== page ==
"Star Trek: Into Darkness" has warped its way to a $70.6 million domestic launch, though its debut wasn't the stellar voyage some hoped.» Read More
"Star Trek: Into Darkness" has warped its way to a $70.6 million domestic launch, though its debut wasn't the stellar voyage some hoped.
Bloomberg's scandal offers uncomfortable lessons in how we do business in a digital era. We're also more tolerant of leaving behind our electronic data, and not calling out missteps.
There are certain things no one tells you when you start planning a wedding. No one warns you how quickly Pinterest and other image-sharing sites stocked with beautiful ideas can turn your special day into a money pit, the CSM reports.
It's a long time coming, but TV content is showing up on non-TV screens like never before, and people are willing to pay for it. Whatever will become of cable?
Brands from Belvedere to Magnum ice cream have ubiquitous presences during the Cannes Film Festival, hoping to boost their exposure.
Discussing the future of the social network, with CNBC's Julia Boorstin; Roger Kay, Endpoint Technologies Associates; and David Pearl, Epoch Investment Partners.
Today, Facebook rings in its first year as a public company. CNBC's Kayla Tausche reports.
Adult movie star Chanel Preston knows not everyone approves of her chosen profession, but she never thought it would affect her ability to open a bank account.
After trying its products this Hollywood star bought an equity stake in the company. Could her endorsement lead to an IPO?
Facebook needs to be careful about protecting the user experience. The way it handles ads, watch privacy issues, and avoid the "ice" factor when ads feel *so* targeted.
Gene Munster, Piper Jaffray, and Ken Sena, Evercore Partners, discuss the future of Facebook. It's the worst-performing stock on the Nasdaq since its IPO a year ago.
CFTC Commissioner Bart Chilton told CNBC he believes his agency will be able to regulate the relationship between Bloomberg's trading business on its terminals and its news arm.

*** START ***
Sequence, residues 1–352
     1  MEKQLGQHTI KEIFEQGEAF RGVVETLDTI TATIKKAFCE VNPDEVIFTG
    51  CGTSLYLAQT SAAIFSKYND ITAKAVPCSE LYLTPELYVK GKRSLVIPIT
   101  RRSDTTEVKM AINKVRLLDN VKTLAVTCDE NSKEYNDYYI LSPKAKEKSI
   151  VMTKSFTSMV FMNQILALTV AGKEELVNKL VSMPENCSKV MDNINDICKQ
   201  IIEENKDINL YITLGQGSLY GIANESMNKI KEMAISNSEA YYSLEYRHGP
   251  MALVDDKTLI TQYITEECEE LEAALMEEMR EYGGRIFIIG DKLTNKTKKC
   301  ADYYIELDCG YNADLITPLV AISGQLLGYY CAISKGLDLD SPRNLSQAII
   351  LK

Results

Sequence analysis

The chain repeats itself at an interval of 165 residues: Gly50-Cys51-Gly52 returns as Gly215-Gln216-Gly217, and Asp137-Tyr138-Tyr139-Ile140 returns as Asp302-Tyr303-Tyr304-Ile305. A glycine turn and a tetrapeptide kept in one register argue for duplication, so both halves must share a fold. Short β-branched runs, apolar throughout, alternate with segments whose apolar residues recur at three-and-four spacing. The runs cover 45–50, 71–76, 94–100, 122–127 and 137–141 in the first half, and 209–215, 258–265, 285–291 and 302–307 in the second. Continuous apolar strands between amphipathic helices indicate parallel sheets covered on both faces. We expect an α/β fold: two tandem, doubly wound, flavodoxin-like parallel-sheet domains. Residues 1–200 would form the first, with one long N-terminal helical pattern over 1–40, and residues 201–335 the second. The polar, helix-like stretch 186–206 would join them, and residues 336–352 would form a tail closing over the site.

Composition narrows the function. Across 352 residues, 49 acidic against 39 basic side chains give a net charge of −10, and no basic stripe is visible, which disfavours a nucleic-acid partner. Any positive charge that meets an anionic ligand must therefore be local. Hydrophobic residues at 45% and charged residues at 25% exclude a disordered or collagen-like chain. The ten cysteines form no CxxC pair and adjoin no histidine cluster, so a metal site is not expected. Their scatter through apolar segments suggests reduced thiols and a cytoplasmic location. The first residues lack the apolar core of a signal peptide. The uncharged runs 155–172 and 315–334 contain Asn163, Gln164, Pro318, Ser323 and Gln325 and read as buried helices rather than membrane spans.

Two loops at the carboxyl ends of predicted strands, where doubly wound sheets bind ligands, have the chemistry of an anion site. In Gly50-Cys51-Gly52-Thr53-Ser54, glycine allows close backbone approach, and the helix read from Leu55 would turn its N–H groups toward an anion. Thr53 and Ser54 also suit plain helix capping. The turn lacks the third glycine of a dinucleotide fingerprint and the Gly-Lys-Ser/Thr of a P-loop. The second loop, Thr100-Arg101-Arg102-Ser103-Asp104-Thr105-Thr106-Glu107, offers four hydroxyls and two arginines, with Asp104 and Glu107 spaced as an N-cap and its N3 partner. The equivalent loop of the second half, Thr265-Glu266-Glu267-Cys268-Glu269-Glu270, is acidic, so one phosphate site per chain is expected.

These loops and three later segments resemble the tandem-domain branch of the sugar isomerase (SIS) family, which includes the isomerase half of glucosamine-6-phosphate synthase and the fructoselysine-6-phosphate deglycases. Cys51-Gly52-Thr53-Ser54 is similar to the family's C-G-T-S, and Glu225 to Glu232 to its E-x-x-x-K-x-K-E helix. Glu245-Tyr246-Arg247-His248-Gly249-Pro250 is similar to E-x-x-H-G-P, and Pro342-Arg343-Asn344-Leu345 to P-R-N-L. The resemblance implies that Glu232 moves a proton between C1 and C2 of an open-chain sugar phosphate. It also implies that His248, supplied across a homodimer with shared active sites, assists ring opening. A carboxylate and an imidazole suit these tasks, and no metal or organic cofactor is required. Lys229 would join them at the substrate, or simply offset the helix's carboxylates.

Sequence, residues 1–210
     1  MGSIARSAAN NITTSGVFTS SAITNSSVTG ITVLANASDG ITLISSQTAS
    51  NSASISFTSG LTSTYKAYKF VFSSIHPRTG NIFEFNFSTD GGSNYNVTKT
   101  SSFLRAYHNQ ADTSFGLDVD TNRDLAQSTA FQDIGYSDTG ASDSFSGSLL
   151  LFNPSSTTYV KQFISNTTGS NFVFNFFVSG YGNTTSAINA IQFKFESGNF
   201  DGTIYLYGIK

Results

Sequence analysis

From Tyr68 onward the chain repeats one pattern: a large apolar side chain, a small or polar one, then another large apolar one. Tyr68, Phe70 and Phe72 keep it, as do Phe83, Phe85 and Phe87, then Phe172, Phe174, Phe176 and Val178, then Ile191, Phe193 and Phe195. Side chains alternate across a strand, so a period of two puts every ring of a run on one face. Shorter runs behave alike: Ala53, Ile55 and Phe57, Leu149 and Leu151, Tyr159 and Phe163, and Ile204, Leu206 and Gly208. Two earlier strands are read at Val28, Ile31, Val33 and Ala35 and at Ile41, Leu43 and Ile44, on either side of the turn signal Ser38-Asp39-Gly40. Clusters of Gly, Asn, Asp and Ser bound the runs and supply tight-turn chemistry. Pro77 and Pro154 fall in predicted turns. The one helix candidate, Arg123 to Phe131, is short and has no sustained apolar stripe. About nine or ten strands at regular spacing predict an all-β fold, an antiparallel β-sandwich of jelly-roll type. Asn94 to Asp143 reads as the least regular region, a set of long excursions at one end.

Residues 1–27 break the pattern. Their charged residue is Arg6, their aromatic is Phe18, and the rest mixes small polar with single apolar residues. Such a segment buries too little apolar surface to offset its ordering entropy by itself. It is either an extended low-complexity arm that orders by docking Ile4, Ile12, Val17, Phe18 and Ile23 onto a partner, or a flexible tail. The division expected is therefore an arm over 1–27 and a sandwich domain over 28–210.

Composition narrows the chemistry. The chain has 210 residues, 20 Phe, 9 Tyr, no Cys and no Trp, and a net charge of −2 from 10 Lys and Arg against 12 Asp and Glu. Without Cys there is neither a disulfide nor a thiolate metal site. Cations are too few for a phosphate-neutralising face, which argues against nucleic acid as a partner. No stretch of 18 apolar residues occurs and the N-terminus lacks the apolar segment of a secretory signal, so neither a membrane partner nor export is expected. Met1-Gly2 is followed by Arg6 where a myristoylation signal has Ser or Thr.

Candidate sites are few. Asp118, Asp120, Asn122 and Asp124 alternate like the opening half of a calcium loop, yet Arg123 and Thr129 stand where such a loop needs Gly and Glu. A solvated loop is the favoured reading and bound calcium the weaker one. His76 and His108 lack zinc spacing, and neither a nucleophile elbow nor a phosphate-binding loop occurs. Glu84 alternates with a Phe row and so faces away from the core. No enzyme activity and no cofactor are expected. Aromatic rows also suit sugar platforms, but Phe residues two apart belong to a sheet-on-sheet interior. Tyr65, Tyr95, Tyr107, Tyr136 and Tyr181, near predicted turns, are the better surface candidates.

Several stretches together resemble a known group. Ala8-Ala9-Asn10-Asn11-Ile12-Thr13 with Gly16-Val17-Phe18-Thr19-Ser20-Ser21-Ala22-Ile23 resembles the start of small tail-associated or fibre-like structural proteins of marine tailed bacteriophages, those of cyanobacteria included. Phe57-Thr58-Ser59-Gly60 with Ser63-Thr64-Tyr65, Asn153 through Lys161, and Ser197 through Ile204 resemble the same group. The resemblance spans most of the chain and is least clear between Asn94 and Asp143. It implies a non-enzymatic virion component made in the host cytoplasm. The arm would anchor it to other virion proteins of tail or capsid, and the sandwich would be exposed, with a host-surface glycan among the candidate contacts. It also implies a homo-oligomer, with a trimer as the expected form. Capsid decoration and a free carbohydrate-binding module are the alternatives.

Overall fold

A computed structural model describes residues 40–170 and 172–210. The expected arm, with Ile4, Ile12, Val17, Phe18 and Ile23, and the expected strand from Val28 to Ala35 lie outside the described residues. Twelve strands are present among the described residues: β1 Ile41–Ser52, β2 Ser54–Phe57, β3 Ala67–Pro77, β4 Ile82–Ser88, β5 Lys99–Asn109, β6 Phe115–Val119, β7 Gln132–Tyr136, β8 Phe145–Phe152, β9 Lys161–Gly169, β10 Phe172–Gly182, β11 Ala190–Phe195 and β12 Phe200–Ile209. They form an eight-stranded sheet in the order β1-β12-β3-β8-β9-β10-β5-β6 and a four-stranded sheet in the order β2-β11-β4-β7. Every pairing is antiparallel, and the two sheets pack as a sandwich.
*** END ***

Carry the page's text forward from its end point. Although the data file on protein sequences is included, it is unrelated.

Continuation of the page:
Green Bay Packers' quarterback Aaron Rodgers and linebacker Clay Matthews may have to soon share the television spotlight with its fans.
CANNES, France-- The Cannes Film Festival got off to a blockbuster, if stormy start, as Baz Luhrmann's "The Great Gatsby" opened on a soggy French Riviera. Amid heavy rain, dancing flappers flocked down the Cannes red carpet Wednesday night, bringing a touch of the Jazz Age to the Croisette. "
The Bloomberg uproar highlights the uncertain and rapidly changing ethical landscape facing companies that, like Bloomberg, are reinventing the news business.
NEW YORK-- A painting of actress Bea Arthur topless has sold for $1.9 million at a New York City auction. The painting is by artist John Currin and is titled "Bea Arthur Naked." It had been expected to bring in between $1.8 million and $2.5 million.
Darryl Collis, director of Seesaw Media, talks to CNBC about product placement in the upcoming Great Gatsby film.
Lawyers for JPMorgan Chase have demanded that Bloomberg hand over five years' worth of employee logs, as the bank considers whether to take legal action against the news and data group, the FT reports.
NEW YORK-- Two reasons for the popularity of the USA series "Psych" are its inside jokes and theme storylines, like the recent 100th episode inspired by the movie "Clue" that had multiple endings.
The latest from the Google Developers' Conference, with CNBC's Jon Fortt. What the new announcements at the company mean for its ecosystem, with Vic Gundotra, Google SVP of engineering.